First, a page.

On January 2, 2019, the outgoing Chair of the House Ways and Means Committee, Kevin Brady (R-TX), released the Tax Technical and Clerical Corrections Act (the Bill), addressing several technical issues associated with the Tax Cuts and Jobs Act (P.L. 115-97) (TCJA). The Bill includes certain provisions that, if enacted, would affirm Congress’ intent that taxpayers with an overpayment with respect to an installment payment of the transition tax under Internal Revenue Code (Code) Section 965 should be able to claim a credit or refund with respect to such amount. The provisions in the Bill with respect to Code Section 965 overpayments are largely consistent with similar draft legislation introduced on November 26, 2018 (the Retirement, Savings and Other Tax Relief Act of 2018 and the Taxpayer First Act of 2018, or H.R. 88; see prior discussion here). In particular, the Bill provides that where a taxpayer that made an election under Code Section 965(h)(1) to pay the net tax liability under Section 965 in installments has filed a request for a credit or refund with respect to an overpayment, the Internal Revenue Service cannot take any installment into account as a liability for purposes of determining whether an overpayment exists. If enacted, the Bill would permit taxpayers to claim a refund or credit with respect to an installment payment of the taxpayer’s transition tax under Code Section 965.
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The Internal Revenue Service (IRS) has issued PMTA 2018-016, reaffirming its position that for taxpayers making an election under Internal Revenue Code (Code) Section 965(h) to pay the transition tax over eight years through installment payments, any overpayments of 2017 tax liabilities cannot be used as credits for 2018 estimated tax payments or refunded,

The first New York meeting of McDermott’s Tax in the City® initiative in 2018 coincided with the June 21 issuance of the US Supreme Court’s (SCOTUS) highly anticipated Wayfair decision. Just before our meeting, SCOTUS issued its opinion determining that remote sellers that do not have a physical presence in a state can be required

We previously discussed the Internal Revenue Service’s (IRS) surprising position that for taxpayers making an election under Internal Revenue Code (Code) Section 965(h) to pay the transition tax over 8 years through installment payments, any overpayments of 2017 tax liabilities cannot be used as credits for 2018 estimated tax payments or refunded, unless and until the overpayment amount exceeds the full 8 years of installment payments. The IRS’s position has affected many taxpayers, and practitioners have expressed their concerns to the IRS.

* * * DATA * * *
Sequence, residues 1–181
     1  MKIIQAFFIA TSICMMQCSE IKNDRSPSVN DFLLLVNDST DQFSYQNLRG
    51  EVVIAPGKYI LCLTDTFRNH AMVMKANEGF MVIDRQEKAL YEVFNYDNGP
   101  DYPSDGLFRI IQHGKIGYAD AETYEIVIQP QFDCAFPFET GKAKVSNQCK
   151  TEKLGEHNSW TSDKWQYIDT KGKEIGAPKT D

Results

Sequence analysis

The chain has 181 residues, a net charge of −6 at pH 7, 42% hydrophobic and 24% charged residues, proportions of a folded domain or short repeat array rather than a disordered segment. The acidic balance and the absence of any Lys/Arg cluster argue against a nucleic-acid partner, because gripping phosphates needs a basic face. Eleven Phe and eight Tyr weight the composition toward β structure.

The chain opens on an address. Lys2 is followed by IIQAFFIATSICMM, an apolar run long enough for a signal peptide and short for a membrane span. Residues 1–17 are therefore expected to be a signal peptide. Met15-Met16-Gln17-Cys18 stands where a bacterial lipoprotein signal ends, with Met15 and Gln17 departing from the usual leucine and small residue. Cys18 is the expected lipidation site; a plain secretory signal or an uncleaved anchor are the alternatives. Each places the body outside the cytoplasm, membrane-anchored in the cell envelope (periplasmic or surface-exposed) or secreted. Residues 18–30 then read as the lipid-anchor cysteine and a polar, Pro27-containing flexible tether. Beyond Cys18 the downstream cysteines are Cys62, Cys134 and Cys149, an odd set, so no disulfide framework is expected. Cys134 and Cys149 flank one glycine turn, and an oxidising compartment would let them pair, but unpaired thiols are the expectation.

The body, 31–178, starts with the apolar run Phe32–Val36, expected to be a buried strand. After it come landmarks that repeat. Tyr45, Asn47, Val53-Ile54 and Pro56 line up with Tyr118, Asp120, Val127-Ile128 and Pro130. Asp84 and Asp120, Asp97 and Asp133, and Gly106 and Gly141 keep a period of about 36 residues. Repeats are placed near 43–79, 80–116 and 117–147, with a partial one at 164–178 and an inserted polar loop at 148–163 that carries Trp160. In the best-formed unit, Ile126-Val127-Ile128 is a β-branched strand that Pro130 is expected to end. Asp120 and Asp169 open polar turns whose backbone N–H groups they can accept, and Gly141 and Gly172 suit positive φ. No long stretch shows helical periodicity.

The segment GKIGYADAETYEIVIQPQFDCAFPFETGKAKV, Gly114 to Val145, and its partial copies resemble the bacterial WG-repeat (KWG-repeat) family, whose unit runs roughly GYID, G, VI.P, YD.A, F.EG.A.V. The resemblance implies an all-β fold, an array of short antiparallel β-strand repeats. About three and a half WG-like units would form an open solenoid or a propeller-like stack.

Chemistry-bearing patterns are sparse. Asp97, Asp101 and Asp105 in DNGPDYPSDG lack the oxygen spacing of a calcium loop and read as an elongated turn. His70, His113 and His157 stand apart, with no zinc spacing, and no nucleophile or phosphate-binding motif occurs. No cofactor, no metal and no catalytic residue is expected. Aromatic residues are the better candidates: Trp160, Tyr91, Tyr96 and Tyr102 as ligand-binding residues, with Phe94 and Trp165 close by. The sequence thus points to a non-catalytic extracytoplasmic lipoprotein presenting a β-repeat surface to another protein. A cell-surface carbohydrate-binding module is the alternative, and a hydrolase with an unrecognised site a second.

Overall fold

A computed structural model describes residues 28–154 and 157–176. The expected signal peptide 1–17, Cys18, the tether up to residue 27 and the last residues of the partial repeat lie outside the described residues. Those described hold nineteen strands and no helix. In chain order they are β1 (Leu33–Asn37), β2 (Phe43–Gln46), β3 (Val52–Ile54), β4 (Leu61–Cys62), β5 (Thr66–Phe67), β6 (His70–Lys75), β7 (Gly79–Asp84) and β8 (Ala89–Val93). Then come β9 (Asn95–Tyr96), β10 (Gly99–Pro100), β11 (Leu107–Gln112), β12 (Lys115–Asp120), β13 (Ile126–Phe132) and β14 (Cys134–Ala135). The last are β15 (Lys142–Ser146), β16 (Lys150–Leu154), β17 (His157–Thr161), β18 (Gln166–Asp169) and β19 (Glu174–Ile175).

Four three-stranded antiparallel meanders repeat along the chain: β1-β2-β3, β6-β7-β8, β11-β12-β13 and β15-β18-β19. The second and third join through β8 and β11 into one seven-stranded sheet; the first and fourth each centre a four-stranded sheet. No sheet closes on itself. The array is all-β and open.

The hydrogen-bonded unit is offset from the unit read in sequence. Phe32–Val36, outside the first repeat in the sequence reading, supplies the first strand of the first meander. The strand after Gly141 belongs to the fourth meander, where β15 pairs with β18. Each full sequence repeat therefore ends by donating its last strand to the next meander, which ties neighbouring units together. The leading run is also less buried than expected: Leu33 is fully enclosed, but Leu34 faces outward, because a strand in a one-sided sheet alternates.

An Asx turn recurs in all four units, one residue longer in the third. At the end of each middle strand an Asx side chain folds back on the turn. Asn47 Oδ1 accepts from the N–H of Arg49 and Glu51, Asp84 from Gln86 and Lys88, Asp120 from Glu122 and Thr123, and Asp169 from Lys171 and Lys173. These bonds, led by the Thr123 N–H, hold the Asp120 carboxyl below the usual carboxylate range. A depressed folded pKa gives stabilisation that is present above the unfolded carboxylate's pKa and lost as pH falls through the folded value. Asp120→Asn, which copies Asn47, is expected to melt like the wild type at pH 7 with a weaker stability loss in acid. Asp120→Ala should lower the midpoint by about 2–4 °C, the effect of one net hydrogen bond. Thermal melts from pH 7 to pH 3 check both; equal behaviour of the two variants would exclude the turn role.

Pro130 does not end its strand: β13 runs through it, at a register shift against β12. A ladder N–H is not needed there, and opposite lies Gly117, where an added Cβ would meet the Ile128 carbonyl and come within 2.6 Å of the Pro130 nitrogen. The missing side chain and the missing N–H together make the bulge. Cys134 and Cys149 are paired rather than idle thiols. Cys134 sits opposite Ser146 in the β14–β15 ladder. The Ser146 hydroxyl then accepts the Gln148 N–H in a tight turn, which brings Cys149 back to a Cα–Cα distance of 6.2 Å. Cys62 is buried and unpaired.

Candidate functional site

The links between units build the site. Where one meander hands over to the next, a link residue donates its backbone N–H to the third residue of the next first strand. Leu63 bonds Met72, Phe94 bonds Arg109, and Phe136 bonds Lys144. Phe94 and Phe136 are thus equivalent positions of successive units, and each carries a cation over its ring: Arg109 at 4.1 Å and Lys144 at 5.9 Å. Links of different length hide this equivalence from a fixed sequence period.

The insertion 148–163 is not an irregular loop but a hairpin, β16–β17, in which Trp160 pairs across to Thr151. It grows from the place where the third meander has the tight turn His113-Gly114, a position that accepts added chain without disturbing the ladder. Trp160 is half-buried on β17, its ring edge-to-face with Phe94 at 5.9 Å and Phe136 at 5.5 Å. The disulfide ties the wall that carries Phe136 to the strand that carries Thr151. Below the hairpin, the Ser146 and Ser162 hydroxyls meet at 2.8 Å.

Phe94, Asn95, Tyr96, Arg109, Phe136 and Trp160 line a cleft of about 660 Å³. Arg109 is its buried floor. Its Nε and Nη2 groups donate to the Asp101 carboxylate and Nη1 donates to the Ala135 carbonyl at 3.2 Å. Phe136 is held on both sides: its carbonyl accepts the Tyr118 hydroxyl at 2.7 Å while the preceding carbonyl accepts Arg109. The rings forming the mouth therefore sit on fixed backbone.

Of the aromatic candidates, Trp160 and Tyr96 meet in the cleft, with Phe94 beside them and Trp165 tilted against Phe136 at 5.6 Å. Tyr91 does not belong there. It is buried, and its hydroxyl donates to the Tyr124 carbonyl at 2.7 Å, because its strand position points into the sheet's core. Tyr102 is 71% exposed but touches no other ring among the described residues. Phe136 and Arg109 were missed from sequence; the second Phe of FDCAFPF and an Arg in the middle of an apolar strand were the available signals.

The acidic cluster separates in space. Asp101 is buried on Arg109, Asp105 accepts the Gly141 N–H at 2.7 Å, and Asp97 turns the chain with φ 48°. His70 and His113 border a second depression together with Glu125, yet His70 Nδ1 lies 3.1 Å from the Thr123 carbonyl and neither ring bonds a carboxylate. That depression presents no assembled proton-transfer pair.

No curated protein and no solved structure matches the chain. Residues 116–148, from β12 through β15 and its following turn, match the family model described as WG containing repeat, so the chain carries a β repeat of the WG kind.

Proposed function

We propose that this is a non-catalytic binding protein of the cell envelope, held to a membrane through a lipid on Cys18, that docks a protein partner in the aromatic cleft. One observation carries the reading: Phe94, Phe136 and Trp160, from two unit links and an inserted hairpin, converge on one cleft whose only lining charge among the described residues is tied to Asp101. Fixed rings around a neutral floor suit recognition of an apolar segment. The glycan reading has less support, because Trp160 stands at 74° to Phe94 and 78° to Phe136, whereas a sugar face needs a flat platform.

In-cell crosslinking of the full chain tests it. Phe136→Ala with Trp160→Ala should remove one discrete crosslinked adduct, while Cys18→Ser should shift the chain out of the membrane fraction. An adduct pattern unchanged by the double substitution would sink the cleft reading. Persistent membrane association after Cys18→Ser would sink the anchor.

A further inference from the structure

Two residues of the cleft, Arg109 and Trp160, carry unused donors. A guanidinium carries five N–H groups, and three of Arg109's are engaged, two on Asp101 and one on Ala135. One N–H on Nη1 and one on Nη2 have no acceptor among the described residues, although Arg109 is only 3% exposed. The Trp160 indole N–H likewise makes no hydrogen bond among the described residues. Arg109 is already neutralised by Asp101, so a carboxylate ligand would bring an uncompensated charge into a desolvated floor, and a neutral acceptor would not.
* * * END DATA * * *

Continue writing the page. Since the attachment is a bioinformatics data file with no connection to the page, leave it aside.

On June 4, 2018, the IRS responded to these concerns. Rather than changing its position, the IRS has doubled down; however, the IRS has taken the small but welcome step of allowing some penalty relief for taxpayers affected by the earlier guidance as set forth in new Questions and Answers 15, 16 and 17.

Based on discussions with the IRS, it appears that the IRS’s position is based on the view that it has broad authority under Code Section 6402 to apply overpayments against other taxes owed, and that Code Section 6403 requires an overpayment of an installment payment to be applied against unpaid installments. Thus, the IRS maintains that the Code Section 965 tax liability is simply a part of the tax year 2017 liability, and it is, except for Code Section 965(h) and a timely election thereunder, payable and due by the due date of the 2017 tax return. Any future installments for the Code Section 965 liability are, in the IRS’s view, not part of a tax for a future tax year that has yet to have been determined, as the tax has already been self-assessed by the taxpayer for 2017. Accordingly, the IRS views any overpayments as being applied within the same tax period to the outstanding Code Section 965 tax owed by the taxpayer even though taxpayers making a timely Code Section 965(h) election are not legally required to make additional payments until subsequent years.
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